Airborne


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I’m linking up to the Master Class again this week.  The prompt gives you the first line of a book, with which you’re meant to write your own story.  This week it was Kelle Groom’s book I Wore the Ocean in the Shape of a Girl.

Check out the other responses at Sinistral Scribblings, or submit your own.  Click through the image to get more information on the photograph’s artist, and see some of his other work.

Fog

Morphine makes me weightless, airborne.

So did the impact, if there was an impact, if I recall correctly.  My dreams and memories are intertwined in a macabre circus of the unreal and unbelievable.

They tell me I’m showing signs of improvement.  They’re vague about what I’m improving on, long pauses in their cautious answers, like my ears are stuffed with cotton.  I’d be terrified, but I’m so high above it, above me, a thick fog cutting off any kind of strong emotion.

Que sera, sera, whatever will be… I hum for a time until the lyrics turn into gibberish, if they hadn’t always been.  She knows them better, has a better voice for it.  The steady beep of monitors threw off my timing anyways.

Morphine dulls, but I still can’t help but wonder what they’re monitoring.  After the first time I tried to take the bandages off my face, they strapped me in bed, wrist restraints and all.

The sunlight creeps slowly across my cotton-shrouded body and I wish, with a longing that pierces the fog, that I could feel that warmth on my face.  I feel so cold.

“What happened, really?”

The whisper-soft tread stops.  I can picture Lilac Perfume’s surprised expression, frozen in going about her business, convinced mere moments before that I was unaware of her presence.

“I-I’ll go fetch the doctor” she stammers, voice tight and anxious.

The haze around my memory lifts enough for a vague sense that I ought to apologize to her.  Perhaps it wasn’t just the attempt to take off my bandages that led to my being bound to my bed.  Was I screaming?  Am I screaming now?  Morphine.  I’m so glad none of these memories are real.

Moments and an eternity later, the steady clacking of Doctor Old Spice’s shoes, the sound of paper as he pores over my charts.  Though for all I knew, he could be paging through Angela’s Ashes.  Always meant to read that one.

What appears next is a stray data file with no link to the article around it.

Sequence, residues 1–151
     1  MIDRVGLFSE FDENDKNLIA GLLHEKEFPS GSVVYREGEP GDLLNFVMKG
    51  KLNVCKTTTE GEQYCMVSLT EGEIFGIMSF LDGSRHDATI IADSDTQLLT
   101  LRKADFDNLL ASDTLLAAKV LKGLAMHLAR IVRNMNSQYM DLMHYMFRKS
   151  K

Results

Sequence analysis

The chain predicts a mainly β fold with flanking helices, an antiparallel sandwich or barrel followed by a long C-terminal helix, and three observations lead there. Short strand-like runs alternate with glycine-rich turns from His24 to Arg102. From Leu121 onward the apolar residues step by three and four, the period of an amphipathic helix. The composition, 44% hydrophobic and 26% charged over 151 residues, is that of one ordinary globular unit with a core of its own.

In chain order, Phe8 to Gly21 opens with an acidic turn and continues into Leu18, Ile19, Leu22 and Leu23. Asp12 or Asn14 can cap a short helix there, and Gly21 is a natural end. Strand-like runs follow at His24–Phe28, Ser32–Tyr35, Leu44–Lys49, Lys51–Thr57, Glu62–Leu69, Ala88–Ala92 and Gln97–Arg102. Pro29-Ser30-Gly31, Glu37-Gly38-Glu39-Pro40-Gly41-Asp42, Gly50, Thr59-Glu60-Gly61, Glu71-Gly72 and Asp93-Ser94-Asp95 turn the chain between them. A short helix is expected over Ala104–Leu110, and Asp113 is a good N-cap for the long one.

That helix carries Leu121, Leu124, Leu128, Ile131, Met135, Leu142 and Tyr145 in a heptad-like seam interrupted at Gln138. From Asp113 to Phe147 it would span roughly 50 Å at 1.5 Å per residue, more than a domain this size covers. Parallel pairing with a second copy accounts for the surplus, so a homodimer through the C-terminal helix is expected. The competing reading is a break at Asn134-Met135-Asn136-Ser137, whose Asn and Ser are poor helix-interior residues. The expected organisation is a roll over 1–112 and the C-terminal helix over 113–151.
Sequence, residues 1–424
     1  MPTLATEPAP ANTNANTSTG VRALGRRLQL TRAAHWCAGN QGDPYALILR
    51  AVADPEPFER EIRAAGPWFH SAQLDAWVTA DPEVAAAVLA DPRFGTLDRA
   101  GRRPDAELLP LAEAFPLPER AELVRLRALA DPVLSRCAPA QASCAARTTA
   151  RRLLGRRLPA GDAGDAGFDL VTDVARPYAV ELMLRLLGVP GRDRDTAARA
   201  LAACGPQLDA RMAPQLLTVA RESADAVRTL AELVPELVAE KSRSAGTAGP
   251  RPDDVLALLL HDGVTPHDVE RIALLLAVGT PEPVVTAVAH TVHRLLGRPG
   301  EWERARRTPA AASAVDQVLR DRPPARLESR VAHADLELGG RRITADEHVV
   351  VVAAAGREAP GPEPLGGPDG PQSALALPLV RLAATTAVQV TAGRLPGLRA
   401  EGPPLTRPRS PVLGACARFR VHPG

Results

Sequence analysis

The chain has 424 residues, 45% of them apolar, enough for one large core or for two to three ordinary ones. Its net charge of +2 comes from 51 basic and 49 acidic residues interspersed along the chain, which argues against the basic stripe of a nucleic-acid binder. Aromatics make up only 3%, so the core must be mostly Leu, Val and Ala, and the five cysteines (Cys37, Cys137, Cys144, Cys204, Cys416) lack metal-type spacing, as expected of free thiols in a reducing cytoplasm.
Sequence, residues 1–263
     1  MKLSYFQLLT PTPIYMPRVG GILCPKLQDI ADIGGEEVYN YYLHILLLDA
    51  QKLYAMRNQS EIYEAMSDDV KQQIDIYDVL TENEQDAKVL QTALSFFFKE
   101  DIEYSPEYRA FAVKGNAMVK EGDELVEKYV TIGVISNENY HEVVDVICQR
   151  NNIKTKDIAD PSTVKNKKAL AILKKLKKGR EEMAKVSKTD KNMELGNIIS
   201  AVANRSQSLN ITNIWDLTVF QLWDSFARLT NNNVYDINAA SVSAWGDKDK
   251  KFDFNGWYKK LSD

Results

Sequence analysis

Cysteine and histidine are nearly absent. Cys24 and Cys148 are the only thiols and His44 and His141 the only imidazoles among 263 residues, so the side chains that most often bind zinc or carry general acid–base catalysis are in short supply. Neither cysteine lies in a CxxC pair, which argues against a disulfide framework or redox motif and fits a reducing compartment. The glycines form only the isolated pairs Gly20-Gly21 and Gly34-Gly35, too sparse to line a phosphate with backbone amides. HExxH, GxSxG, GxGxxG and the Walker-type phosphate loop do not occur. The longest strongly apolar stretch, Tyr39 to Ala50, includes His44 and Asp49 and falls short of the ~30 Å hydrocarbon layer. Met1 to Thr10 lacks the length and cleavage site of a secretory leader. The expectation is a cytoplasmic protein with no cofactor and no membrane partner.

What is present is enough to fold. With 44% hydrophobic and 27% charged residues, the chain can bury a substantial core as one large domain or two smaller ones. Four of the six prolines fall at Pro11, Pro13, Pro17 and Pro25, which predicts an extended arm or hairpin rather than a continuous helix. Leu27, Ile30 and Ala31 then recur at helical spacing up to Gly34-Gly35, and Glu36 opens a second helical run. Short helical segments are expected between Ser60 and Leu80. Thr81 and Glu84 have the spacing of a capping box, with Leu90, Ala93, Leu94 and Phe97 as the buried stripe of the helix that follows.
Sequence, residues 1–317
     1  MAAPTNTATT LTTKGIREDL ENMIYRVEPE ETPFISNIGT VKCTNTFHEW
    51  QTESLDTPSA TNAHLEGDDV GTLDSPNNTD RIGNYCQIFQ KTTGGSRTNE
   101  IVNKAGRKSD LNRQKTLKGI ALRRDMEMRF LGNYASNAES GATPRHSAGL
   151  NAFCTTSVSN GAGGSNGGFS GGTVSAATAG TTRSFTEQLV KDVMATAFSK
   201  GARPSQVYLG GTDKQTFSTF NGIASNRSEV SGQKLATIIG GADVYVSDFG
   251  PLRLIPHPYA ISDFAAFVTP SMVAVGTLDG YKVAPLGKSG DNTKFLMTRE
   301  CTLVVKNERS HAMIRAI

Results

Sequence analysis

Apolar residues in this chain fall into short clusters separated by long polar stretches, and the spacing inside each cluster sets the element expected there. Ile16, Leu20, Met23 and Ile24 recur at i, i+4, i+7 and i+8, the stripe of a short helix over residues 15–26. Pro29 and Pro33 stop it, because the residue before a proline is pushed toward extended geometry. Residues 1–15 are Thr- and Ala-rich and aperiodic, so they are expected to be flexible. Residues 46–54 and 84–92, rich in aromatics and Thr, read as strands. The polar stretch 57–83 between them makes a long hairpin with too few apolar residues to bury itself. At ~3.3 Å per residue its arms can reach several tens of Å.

The name strikes a chord.  “Angela?”  My voice is disused, a rusty chain pulled through gravel.  The scream of metal being crushed on impact.

“What was that?”

“Nothing.  Just something about… nothing.  It’s crazy.”

“You’re remembering?”

“Only crazy things.  Impossible things.  It’s the drugs, I guess.”

“You’ve been off all drugs for eight days.”

The words trickle through the fog around my brain, followed more slowly by their meaning.

“What does that mean?”  my voice is getting stronger as it warms up, smoother.  Familiar.

I am met with silence and struggle to sift through the terrifying circus of oddities that swims through the pea-soup in my mind.

“No morphine?” My voice cracks, but why?

“No morphine.”

“Why is my face bandaged?”

“You were in a car accident, John.  Do you remember?”

The impact left me weightless, airborne.

Angela.  I hate the light piercing the thick fog, it burns my eyes and cuts me to the quick.

“Is she…” I hate my own hesitation.  That mustn’t be real.  “Was anyone else hurt?”

The silence is unbearable.  The dread, like a tsunami, looming overhead.

I turn away from the light.

“I think I’d like some more painkillers… please.  The morphine helps me sleep.”

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19 Comments

  1. I love the suspense in this story. I hope we get to read what happens next.

    • Thanks 🙂 I couldn’t think of anything past that last line, so I don’t know if it’ll ever be continued, though.

  2. I’m with Deana!

  3. Awesome job lady. I want to know what happens next, too!

    • Thanks! I’m starting to feel the pressure now… to figure out what does happen to the guy apart from a hefty dose of depression.

  4. I love your descriptions and naming the nurse and doctor by how they smell. Well done!

  5. 2old2tap

     /  January 28, 2013

    Nicely done, you drew me directly to the bedside.
    And like everyone else? What’s next?
    No pressure though…

    • hah, I feel kind of bad – really haven’t thought past this section of story, but you never know… a prompt might inspire me!

  6. How terrible, to start remembering something in flashes that makes you wish you couldn’t remember at all. Nice job!

    • or that feeling that whatever you aren’t remembering will be devastating, and better to avoid entirely. Thanks!

  7. All the little details are terrific in pulling together the whole story. The way the doctors smell, the disused voice, and the best of all – she’s not on drugs. She doesn’t want to break through the fog of her memory. I was thoroughly involved. As others have said – it’s a great start to possibly something longer if you wanted to take it there.

    • Thanks 🙂 My issue is that I can’t see the guy waking up again – some things are too terrible to remember and I don’t think he’s strong enough to be willing to try. At most, I could do a piece from the perspective of the other characters, to explain why he isn’t coming ‘out’ of it.

  8. argh, yes, the details are what create the impact. good one!

  9. Excellent job. Very descriptive. I felt like I was there. 🙂

  10. You had me. I thought it was a ‘she’ in the bed. Like the others what I liked was how he identified his care-givers by what they smelled like. Very nicely written.

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